The monthly “NISOA Referee Nuts and Bolts” column is written primarily for the college and high school soccer Referee. However, any soccer Referee who wishes to improve personal performance may also find this series helpful.
All articles address those BASIC techniques, procedures, practice alternatives, and skills that are sometimes forgotten or overlooked while going through the experiences of soccer refereeing. The short discussions and accompanying practical tips stress important advice for competent performance. This month’s article will focus on violence in the game.
Based on the number of misconduct reports, viewing games on TV, reviewing tapes of games and personal observation, there is no doubt that violence in the game is increased over the past few years. There are several possible reasons for this and the focus of this article will be to review some possibilities for the change in behavior by players.
Conference play at both the interscholastic and intercollegiate level is becoming more and more competitive. Conference standings have a direct impact on post season and playoff selections and seeding in these tournaments. This means that regular season conference play becomes more competitive. In addition, the team that wins the conference has “bragging rites” through the remainder of the year and into the following season.
The next possibility for an increase in violence is the “need to win” syndrome. Players and coaches have increased competitive natures and strive to win at all costs. This starts at a young age when there are championship games for 6 and 7 year old teams. As players develop and grow older the need to win becomes even more important. Win and all costs becomes the norm. Coaches are hired to develop winning teams. In fact, the coach’s job may depend on the overall win vs. loss record.
Players are training more and playing almost year round. In addition, players in the age bracket of 15 – 22 are not as emotionally mature and react differently to physical play. This age group also can get frustrated easier when more skilled players continue to make plays that demonstrate better abilities. These scenarios could lead to a player of less skill committing a violent act or commit an unnecessary hard foul.
With the many sports stations on television, competitive soccer games can be viewed almost 24 hours a day. High school and college players watch these games and observe how professional players foul, retaliate, and the players’ overall behavior. The high school and college players observe this and carry the same into their games. This type of behavior is not acceptable and opponents may react by retaliating with a violent act.
Each interscholastic and intercollegiate soccer referee must be ready to deal with violence and do what is necessary to prevent it from happening. It is imperative that the game be controlled and appropriate people management skills be used to keep players in control of their emotions.
Foul recognition is one way of preventing violence. Referees cannot ignore fouls at any level and, when necessary, deal appropriately with misconduct. In addition, the referee must know how to invoke advantage when appropriate without losing game control. When too much advantage is awarded and fouls are ignored, players will start to take matters into their own hands. Either the player that was fouled or a teammate will retaliate and the violence will escalate.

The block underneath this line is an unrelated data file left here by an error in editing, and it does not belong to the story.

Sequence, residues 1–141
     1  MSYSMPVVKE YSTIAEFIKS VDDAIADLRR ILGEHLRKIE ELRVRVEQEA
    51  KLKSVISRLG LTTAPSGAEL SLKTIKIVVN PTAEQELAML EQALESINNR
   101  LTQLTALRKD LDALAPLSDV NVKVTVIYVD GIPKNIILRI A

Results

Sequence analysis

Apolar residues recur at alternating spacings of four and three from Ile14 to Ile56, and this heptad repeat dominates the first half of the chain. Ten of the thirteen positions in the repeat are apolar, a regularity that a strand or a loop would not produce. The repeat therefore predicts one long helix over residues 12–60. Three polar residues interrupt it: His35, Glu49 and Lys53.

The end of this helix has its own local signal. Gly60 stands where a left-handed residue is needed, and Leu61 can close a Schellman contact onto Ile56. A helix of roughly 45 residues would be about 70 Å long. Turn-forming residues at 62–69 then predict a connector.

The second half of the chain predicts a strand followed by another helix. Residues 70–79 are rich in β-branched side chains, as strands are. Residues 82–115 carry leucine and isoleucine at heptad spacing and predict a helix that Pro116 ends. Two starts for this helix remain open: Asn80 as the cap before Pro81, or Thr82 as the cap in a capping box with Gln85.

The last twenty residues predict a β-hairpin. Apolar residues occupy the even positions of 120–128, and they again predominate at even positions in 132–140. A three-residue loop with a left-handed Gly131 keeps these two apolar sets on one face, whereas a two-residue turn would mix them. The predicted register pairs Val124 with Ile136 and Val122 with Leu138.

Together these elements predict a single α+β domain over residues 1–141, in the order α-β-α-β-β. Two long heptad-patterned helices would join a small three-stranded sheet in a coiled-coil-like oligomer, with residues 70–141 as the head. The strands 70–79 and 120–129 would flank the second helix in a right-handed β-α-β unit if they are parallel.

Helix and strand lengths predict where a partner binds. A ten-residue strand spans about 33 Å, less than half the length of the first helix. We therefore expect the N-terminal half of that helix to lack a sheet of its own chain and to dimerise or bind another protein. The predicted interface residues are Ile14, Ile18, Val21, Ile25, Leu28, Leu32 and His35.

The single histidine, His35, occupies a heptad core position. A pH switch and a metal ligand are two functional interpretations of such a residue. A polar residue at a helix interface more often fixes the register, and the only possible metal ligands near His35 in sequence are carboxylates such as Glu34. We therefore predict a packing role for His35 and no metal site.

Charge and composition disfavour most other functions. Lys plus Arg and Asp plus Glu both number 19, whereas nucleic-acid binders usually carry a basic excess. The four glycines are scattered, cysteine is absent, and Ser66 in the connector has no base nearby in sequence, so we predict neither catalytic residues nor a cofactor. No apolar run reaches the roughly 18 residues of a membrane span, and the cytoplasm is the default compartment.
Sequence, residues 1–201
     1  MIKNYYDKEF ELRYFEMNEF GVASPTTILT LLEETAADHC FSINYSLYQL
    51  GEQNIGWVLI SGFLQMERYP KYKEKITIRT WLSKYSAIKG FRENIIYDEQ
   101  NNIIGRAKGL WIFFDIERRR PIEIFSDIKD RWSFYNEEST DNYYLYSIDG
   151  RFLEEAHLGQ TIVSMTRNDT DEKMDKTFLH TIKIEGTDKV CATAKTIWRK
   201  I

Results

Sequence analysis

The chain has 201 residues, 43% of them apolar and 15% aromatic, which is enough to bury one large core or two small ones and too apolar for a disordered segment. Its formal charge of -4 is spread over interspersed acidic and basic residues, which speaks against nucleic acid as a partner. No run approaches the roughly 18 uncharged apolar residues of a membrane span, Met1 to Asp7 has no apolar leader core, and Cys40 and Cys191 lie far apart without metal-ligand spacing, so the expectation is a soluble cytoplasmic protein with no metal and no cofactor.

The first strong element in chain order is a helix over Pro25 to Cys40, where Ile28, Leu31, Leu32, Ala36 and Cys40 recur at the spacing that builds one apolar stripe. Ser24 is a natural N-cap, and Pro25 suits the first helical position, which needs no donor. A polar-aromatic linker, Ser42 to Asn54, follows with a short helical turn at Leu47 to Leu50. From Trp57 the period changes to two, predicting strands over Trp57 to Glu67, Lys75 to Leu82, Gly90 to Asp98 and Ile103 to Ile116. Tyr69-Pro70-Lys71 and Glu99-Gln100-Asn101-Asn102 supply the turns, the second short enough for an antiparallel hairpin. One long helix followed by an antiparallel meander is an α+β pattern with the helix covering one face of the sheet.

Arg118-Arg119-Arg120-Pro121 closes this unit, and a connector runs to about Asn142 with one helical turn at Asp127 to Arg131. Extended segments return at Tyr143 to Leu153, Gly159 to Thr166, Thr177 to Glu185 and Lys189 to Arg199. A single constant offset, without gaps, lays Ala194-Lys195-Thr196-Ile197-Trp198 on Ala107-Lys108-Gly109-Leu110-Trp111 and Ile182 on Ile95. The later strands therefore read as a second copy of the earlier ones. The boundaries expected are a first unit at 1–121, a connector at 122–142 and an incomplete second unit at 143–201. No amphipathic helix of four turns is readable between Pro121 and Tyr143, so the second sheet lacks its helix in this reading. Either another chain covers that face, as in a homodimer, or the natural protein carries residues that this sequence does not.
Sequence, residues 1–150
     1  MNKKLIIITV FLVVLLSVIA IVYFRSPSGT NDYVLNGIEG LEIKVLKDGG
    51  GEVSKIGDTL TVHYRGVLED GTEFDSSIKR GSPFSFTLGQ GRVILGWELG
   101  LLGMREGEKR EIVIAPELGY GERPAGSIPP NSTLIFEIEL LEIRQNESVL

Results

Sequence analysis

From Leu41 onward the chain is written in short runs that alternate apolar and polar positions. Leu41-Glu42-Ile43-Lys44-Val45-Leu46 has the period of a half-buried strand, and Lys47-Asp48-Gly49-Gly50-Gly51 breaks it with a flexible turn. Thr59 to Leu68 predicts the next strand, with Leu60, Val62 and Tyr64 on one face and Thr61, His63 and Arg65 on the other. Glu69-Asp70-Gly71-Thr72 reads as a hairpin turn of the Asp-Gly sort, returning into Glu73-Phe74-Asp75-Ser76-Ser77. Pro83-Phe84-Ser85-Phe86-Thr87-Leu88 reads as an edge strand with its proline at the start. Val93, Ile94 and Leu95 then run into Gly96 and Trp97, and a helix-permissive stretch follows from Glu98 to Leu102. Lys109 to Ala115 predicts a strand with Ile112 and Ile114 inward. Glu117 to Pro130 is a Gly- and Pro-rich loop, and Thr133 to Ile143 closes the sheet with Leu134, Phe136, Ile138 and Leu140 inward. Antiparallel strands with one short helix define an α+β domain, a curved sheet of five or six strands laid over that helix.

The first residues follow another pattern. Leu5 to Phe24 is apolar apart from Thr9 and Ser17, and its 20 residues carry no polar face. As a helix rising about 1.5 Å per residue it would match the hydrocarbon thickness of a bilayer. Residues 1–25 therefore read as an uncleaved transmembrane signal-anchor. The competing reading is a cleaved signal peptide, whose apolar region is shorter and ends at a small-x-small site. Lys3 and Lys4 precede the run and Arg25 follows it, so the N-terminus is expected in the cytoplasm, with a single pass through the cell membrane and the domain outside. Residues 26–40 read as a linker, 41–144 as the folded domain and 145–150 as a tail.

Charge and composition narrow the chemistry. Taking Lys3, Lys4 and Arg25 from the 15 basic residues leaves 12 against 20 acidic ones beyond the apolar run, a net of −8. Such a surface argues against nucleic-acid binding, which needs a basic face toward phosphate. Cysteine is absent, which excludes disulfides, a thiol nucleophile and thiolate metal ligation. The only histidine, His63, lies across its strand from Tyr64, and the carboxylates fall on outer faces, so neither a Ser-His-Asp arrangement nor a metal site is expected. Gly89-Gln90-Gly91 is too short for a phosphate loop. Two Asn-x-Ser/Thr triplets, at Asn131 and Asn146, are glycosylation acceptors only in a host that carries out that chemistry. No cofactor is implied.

A high school or college referee who can utilize people management skills to his/her advantage will be more likely to control the game and prevent violent situations. Depending on the officials personality, various approaches can be taken to control player behavior. Officials who have the ability to talk to players and gain respect frequently throughout the game can prevent retaliation and violence in general. The “quiet word”, verbal warning, and even a stronger discussion are tools that every official should use.
Referees cannot become too authoritative. Players will not react well to the referee who raises his/her voice and talks down to them. Also, a referee who constantly issues cautions or ejections for every situation will not earn the respect of players. Referees should work on skills to defuse situations without the issuance of a card. The caution and ejection should be only used when necessary to improve game control.
Conversely, referees cannot be timid. The referee must be strong enough to deal with players and their behaviors. Players will quickly recognize a referee who appears timid and the players will take advantage by committing hard fouls, retaliating, and committing misconducts. The referee must be sufficiently strong to deal with players and gain the respect deserved early in the game.
Preventative officiating will go a long way to reduce the potential of violence. Setting the tone of the game early on will greatly assist the referee in game control. For example, the first foul where the opponents set a wall is a good time for the referee to remind all players that encroachment will not be condoned. Moving the wall the required distance quickly and professionally should prevent problems later in the game. Another example is dealing with any fouls early in the game that could lead to a player being injured. Reckless slide tackles, shirt grabbing, challenging the goalkeeper who is possession of the ball should be dealt with the first time they occur. Again this should set the tone and reduce the potential of retaliations and violence.
in summary, interscholastic and intercollegiate soccer officials must use the skills they have to manage the players so that the game is played fairly and without any violence occurring.